Electric Blue Paint Wasn’t Actually Piera Gelardi’s First Choice for Her Nursery
The Refinery29 cofounder switched it up last minute.
Updated Mar 28, 2019 1:27 PM
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At first, Piera Gelardi envisioned the walls of her future child’s nursery bathed in bright orange. “Viva, her name, is so full of life and energy,” she says, “that I was originally planning to make her room extremely bold and energetic.” But when the baby was born in November 2018, Gelardi and her husband—who still had yet to move into the Brooklyn apartment they’d found—had a change of heart. “She was definitely vivacious, but she also had a very peaceful energy. We realized that we wanted her room to be a sanctuary for her to imagine and dream.”
For Gelardi, the cofounder and creative director of Refinery29 (and a much-admired devotee of color, crafts, and costume), this shift in perspective did not translate to a palette of neutrals or pastels. Instead, the self-professed magic maker swapped orange for an electric cerulean (specifically Farrow & Ball’s St. Giles Blue) and layered the space with a vibrant mix of textures, imagery, and objects. Some, like a framed Fiorucci poster, are relics from her own childhood; others are pieces made by family members or friends or brought back from trips to Oaxaca or San Miguel de Allende. “Above all, we wanted to design a space full of stories,” Gelardi says. “When I was planning, I didn’t think, What should a nursery look like? I just tried to fill the room with things that would trigger a child’s imagination.”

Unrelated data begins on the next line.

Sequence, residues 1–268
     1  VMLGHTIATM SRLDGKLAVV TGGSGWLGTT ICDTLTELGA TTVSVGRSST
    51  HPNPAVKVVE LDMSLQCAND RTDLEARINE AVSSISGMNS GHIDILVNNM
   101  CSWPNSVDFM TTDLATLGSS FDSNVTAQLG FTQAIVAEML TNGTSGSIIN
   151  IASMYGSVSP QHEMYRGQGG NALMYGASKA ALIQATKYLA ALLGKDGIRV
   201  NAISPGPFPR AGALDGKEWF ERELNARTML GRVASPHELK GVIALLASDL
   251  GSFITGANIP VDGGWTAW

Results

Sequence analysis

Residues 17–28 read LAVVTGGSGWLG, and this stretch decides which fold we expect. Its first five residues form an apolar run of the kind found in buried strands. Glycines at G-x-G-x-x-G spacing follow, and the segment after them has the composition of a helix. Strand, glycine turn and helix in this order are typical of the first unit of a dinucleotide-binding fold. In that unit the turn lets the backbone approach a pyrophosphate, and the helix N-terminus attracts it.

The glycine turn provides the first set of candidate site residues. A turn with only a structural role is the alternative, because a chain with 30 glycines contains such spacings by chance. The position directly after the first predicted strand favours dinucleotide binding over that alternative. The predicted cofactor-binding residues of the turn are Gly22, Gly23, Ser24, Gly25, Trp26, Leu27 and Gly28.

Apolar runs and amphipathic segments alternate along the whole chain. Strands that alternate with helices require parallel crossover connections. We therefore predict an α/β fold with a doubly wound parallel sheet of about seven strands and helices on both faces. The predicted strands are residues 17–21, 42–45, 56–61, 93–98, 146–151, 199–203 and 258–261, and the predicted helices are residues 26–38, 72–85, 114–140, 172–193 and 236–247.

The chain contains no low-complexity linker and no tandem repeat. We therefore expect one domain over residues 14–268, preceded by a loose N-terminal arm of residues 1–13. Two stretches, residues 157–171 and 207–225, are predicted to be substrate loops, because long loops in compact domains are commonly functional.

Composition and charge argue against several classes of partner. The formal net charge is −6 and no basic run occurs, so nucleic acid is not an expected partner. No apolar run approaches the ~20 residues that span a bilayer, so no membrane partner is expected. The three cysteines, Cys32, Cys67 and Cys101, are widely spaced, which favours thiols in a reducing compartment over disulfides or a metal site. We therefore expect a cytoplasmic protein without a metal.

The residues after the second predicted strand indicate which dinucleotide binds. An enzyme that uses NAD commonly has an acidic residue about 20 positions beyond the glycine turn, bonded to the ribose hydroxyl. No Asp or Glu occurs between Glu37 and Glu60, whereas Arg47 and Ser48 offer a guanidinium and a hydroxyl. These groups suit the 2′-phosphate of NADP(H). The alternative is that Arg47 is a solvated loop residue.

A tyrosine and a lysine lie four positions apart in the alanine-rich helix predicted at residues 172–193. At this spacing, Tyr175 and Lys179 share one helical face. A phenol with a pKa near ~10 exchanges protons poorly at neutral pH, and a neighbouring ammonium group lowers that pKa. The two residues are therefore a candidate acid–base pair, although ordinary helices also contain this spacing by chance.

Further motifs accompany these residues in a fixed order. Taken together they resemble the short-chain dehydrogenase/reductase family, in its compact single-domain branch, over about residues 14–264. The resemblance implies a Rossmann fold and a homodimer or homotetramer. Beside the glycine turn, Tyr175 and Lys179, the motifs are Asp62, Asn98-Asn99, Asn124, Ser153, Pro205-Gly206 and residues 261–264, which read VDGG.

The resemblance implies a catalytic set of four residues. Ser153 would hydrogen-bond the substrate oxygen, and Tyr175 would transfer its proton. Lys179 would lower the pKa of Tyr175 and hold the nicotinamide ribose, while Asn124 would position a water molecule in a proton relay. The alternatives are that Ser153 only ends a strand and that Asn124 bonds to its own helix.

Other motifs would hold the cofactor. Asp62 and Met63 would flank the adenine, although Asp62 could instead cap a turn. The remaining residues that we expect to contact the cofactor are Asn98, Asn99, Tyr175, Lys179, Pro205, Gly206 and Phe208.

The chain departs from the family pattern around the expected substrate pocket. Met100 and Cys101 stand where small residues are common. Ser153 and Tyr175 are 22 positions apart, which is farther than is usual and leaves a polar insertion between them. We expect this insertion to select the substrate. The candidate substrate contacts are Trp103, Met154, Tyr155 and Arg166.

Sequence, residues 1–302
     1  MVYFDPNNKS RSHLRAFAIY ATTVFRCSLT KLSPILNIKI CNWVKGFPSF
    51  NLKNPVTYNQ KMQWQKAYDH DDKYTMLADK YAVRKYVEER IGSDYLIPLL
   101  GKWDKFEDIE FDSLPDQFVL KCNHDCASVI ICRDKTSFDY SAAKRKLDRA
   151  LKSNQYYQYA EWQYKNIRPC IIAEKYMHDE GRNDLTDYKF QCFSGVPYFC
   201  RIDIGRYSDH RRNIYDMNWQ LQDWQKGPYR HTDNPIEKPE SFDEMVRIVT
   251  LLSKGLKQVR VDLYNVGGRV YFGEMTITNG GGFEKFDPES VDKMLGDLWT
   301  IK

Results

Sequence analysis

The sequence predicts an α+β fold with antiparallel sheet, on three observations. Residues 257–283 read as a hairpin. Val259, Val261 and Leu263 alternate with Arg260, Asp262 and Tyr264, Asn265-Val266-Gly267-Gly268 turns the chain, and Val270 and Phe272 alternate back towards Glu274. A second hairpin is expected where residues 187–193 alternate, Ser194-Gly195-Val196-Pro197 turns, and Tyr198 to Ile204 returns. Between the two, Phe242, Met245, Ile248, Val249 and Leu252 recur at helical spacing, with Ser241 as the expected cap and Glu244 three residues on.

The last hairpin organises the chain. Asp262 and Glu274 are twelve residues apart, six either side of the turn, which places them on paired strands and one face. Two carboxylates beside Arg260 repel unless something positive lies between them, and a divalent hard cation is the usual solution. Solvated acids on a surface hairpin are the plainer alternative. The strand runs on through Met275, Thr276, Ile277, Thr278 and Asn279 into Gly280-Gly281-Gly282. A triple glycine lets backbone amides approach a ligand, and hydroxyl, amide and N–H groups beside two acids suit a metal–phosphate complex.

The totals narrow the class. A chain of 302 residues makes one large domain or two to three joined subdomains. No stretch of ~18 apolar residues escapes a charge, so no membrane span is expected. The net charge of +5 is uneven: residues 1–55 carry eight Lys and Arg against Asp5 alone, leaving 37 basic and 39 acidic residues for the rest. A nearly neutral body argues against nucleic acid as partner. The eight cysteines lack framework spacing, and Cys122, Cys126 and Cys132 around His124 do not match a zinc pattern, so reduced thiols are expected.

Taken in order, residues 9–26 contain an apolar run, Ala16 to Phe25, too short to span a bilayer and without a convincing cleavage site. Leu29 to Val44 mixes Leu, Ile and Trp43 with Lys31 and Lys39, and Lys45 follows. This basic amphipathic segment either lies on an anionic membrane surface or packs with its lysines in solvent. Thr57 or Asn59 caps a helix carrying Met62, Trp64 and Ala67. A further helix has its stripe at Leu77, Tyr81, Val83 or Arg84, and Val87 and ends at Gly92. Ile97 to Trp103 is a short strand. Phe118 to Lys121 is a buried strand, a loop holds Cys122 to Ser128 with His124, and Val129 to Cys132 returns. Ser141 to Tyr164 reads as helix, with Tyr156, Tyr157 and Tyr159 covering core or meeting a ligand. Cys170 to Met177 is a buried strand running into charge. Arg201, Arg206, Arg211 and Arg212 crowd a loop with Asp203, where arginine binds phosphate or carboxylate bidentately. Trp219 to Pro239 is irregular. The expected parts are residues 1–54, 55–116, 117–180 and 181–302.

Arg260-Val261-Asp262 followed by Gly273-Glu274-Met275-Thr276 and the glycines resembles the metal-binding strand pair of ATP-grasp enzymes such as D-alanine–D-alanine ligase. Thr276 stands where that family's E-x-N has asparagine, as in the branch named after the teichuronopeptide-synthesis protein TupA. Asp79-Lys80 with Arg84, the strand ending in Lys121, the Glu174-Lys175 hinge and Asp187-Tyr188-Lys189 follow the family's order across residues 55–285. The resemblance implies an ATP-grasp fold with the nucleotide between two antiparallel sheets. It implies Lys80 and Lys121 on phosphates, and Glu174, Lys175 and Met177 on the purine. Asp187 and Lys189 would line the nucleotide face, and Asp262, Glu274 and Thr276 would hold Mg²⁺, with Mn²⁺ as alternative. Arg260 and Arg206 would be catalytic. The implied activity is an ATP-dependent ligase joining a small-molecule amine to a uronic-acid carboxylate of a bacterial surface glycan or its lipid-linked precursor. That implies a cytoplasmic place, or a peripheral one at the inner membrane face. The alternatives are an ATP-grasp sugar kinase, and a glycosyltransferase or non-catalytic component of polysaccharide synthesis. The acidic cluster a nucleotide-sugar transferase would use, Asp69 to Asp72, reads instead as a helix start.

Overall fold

That’s not to say everything is set in stone. “Right now, it reflects who I knew Viva to be at 2 months old when we designed it,” Gelardi says. “Maybe in the future we’ll add a mural on the side of her closet doors or put glow-in-the-dark stars on the ceiling. As her sense of self develops, it will be her taste—and her story—that infuses the room.”
Scroll through for more from Viva’s nursery and a peek into Gelardi’s design process.
Start With an Intention
“The environment around a young child is incredibly influential, so my advice to other parents is to think about your intention for the space,” Gelardi says. “What’s important to you? What feeling do you want to evoke? For us, it was a creative sanctuary. For others, the feeling might be safety or love or happiness. Whatever it is, think of colors and imagery you associate with that feeling and go from there.”
Decorating with family heirlooms and travel mementos opens up opportunities to share meaningful memories with kids as they grow. “In Viva’s nursery, there’s artwork and pottery made by my nonna and cousins, a watch that was my husband’s grandfather’s, a mobile inspired by my dad’s love of Calder,” she says. “I love that I can say, ‘My friend Kim made this for me’ or ‘We got this at an art studio in Mexico.’”
Balance Pretty With Practical
What’s pleasing to your eye isn’t always what’s most functional for a baby. In Gelardi’s case, certain elements have had to change as Viva grows up—but never to the detriment of the room’s visual appeal. “Since these photos were taken, I’ve had to move the bottom row of pictures from the gallery wall because Viva can grab them now,” she explains. Her just-as-charming solution? DIY paintings on kid-friendly fabric.
Embrace a Sense of Play—Everywhere
While some parents prefer to keep toys and storybooks confined to the nursery, Gelardi enjoys the cheerful, childlike energy that Viva’s belongings bring to the rest of the apartment. “Seeing a stuffed animal sitting on the couch?” she says. “I actually really like that.”